With the advent of digitalstorytelling as more common place in our schools, often we’re so elated to get them to produce anything that the quality of work isn’t always there. We’ve been down this road with powerpoint, but now most are taken in by the the wow factor. With video, there’s still enough mystery in production for many teachers and students that we accept work that is less than exemplary. I think at times, we’re letting kids off the hook.
Last year, I showcased the work of a couple of local kids who did a great job with the lego format. My son and one of the contributors to the other video had an assignment to create a movie trailer on the novel Life of Pi. This is a fairly common assignment and one that does require synthesis and should incorporate elements of good design. But there work does many of the things I think make for a great trailer.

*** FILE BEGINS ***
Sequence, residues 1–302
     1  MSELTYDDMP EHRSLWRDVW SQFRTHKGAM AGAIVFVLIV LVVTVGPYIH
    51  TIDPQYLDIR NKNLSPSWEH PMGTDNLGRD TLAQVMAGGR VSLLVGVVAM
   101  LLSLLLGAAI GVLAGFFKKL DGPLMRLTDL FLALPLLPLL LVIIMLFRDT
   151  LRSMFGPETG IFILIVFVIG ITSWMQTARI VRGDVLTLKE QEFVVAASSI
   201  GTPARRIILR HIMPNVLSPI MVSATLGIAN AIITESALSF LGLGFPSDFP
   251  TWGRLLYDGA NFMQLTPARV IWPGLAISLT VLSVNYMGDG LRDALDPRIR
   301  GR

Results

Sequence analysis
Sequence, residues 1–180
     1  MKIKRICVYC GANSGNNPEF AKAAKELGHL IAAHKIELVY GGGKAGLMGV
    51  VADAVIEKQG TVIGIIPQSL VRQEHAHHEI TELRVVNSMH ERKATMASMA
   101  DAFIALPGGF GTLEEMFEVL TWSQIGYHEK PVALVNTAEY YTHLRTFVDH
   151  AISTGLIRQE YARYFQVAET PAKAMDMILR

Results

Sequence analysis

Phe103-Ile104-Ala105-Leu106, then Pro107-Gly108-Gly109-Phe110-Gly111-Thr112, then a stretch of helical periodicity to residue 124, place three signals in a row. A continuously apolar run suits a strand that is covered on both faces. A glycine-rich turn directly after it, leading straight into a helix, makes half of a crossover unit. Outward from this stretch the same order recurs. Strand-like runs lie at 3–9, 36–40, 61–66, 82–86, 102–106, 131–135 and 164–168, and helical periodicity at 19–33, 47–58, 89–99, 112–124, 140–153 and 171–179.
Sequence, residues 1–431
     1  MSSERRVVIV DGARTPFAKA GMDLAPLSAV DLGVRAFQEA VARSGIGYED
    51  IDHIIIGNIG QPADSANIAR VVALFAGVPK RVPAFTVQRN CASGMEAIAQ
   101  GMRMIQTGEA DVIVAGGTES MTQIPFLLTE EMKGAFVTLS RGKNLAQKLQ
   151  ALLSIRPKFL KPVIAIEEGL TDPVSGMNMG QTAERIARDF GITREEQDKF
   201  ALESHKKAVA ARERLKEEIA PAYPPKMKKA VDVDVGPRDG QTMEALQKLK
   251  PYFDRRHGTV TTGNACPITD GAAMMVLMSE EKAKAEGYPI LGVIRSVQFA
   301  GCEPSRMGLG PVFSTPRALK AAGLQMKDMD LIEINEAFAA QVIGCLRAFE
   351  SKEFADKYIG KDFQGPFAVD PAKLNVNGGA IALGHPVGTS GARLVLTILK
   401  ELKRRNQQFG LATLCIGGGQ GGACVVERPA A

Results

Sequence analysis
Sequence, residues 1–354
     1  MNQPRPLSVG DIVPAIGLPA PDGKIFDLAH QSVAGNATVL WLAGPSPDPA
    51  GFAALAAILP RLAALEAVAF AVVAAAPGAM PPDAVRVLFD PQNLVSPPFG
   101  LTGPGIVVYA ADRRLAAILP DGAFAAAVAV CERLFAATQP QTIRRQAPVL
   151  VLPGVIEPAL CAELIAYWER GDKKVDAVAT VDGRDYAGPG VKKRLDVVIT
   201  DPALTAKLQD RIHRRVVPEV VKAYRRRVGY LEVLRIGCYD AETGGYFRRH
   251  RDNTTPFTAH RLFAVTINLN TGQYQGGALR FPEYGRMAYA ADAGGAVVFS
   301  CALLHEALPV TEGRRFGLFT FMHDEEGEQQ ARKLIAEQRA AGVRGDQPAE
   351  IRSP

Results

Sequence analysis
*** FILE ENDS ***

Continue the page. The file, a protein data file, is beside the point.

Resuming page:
Simplicity, planning, innovation, constraints and whitespace all are used. Yes, they use some green screen but really, it’s about storytelling. My son played director and producer and his buddy did the editing. When asking about ideas, he said it came from watching movies, playing video games and tv. This is why demanding students to talk about movies like we ask them to talk about books is critical. Students should be as fluent talking about video as they are about writing. We’re so text bias as schools, that it makes it difficult to even understand what is a well crafted, design piece of multimedia. And while I think we need more examples of student work, I think there are so many in the real world, but we don’t look deeply at what makes them work. That’s what these guys did.
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